Up From Slavery: An Autobiography
by Booker T. Washington
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By Booker T. Washington

This volume is dedicated to my Wife Margaret James Washington And to my Brother John H. Washington Whose patience, fidelity, and hard work have gone far to make the work at Tuskegee successful.


This volume is the outgrowth of a series of articles, dealing with incidents in my life, which were published consecutively in the Outlook. While they were appearing in that magazine I was constantly surprised at the number of requests which came to me from all parts of the country, asking that the articles be permanently preserved in book form. I am most grateful to the Outlook for permission to gratify these requests.

I have tried to tell a simple, straightforward story, with no attempt at embellishment. My regret is that what I have attempted to do has been done so imperfectly. The greater part of my time and strength is required for the executive work connected with the Tuskegee Normal and Industrial Institute, and in securing the money necessary for the support of the institution. Much of what I have said has been written on board trains, or at hotels or railroad stations while I have been waiting for trains, or during the moments that I could spare from my work while at Tuskegee. Without the painstaking and generous assistance of Mr. Max Bennett Thrasher I could not have succeeded in any satisfactory degree.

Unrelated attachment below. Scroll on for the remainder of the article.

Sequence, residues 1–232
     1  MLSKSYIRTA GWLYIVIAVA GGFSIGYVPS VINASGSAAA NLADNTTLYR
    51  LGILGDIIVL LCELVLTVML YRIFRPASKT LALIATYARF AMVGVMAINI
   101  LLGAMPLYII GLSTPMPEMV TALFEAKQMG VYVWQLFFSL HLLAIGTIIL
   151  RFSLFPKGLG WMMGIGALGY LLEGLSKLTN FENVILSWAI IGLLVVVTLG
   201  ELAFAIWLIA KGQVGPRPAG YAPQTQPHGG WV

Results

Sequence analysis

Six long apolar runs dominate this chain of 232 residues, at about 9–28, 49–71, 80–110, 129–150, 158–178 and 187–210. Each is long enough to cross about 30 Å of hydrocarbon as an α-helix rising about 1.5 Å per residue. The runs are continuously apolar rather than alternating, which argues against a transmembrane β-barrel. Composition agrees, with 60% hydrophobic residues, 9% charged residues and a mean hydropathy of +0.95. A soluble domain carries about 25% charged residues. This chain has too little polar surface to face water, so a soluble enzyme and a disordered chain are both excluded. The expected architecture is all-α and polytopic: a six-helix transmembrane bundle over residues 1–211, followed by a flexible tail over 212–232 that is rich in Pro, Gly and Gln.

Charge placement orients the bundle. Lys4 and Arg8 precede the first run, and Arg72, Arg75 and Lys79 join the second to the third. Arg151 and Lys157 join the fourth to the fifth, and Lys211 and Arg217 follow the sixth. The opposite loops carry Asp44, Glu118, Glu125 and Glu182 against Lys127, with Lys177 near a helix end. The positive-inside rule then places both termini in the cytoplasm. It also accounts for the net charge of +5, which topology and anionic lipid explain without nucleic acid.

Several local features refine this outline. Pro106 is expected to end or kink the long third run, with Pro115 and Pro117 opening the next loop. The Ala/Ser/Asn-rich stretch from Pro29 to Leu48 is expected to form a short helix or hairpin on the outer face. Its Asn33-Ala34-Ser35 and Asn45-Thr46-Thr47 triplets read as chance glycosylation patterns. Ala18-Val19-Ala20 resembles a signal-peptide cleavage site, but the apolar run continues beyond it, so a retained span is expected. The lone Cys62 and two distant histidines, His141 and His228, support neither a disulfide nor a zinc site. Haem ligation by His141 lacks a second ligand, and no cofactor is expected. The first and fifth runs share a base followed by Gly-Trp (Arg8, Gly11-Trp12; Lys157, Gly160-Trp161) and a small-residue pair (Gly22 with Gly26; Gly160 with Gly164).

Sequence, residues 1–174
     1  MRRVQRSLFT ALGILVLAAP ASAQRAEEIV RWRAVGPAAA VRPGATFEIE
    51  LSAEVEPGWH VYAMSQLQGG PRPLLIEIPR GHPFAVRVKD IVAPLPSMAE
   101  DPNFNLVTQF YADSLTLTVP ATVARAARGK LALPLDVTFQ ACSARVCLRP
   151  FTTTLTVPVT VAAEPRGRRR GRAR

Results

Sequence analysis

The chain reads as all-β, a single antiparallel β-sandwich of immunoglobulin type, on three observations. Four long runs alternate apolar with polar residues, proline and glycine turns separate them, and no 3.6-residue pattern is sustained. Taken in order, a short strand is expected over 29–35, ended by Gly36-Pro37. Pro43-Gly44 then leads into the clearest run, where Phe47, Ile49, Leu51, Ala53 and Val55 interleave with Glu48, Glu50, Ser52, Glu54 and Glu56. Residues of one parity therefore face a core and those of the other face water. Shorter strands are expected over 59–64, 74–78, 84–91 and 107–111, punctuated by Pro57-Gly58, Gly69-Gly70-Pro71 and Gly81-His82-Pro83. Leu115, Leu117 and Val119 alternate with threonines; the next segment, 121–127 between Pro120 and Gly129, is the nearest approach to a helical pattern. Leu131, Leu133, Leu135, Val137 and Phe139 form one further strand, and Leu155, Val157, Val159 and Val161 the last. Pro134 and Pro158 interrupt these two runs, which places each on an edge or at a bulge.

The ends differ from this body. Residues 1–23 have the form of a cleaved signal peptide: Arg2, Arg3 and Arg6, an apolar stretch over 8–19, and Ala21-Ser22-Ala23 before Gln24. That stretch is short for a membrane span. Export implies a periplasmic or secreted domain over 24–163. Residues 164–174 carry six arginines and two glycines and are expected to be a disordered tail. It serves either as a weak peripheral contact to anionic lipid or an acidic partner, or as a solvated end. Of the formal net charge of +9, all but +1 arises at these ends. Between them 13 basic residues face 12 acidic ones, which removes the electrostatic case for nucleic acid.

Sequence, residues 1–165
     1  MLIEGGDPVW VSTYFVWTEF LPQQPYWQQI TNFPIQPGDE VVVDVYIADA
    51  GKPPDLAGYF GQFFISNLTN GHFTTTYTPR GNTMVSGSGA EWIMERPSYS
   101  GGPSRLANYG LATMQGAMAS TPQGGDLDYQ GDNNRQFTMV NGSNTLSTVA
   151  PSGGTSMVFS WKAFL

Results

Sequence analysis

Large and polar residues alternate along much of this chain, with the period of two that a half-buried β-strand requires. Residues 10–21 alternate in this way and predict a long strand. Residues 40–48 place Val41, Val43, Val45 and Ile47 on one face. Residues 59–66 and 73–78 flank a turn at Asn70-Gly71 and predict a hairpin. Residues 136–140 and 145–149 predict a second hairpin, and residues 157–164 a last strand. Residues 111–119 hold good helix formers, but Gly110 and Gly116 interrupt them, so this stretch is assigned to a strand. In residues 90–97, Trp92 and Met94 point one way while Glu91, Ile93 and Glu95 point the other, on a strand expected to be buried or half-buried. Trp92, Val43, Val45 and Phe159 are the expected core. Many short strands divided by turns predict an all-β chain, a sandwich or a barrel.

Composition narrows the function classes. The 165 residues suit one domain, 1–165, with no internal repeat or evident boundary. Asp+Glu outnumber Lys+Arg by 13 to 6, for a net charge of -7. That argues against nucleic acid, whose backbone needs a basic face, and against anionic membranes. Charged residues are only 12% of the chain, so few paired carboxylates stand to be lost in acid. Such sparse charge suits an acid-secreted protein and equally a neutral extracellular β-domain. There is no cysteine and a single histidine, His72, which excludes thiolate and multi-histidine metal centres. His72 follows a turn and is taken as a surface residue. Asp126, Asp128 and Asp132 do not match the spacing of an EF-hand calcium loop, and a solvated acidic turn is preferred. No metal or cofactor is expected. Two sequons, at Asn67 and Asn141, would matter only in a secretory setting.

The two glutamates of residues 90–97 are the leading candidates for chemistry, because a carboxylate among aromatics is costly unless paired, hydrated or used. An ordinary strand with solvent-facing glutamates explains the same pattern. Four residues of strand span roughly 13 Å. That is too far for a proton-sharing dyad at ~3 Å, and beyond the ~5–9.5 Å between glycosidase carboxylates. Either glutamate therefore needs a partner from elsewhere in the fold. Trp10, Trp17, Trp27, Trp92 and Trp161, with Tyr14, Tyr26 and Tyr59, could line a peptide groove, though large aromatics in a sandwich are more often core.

The details of Mr. Washington's early life, as frankly set down in "Up from Slavery," do not give quite a whole view of his education. He had the training that a coloured youth receives at Hampton, which, indeed, the autobiography does explain. But the reader does not get his intellectual pedigree, for Mr. Washington himself, perhaps, does not as clearly understand it as another man might. The truth is he had a training during the most impressionable period of his life that was very extraordinary, such a training as few men of his generation have had. To see its full meaning one must start in the Hawaiian Islands half a century or more ago.* There Samuel Armstrong, a youth of missionary parents, earned enough money to pay his expenses at an American college. Equipped with this small sum and the earnestness that the undertaking implied, he came to Williams College when Dr. Mark Hopkins was president. Williams College had many good things for youth in that day, as it has in this, but the greatest was the strong personality of its famous president. Every student does not profit by a great teacher; but perhaps no young man ever came under the influence of Dr. Hopkins, whose whole nature was so ripe for profit by such an experience as young Armstrong. He lived in the family of President Hopkins, and thus had a training that was wholly out of the common; and this training had much to do with the development of his own strong character, whose originality and force we are only beginning to appreciate.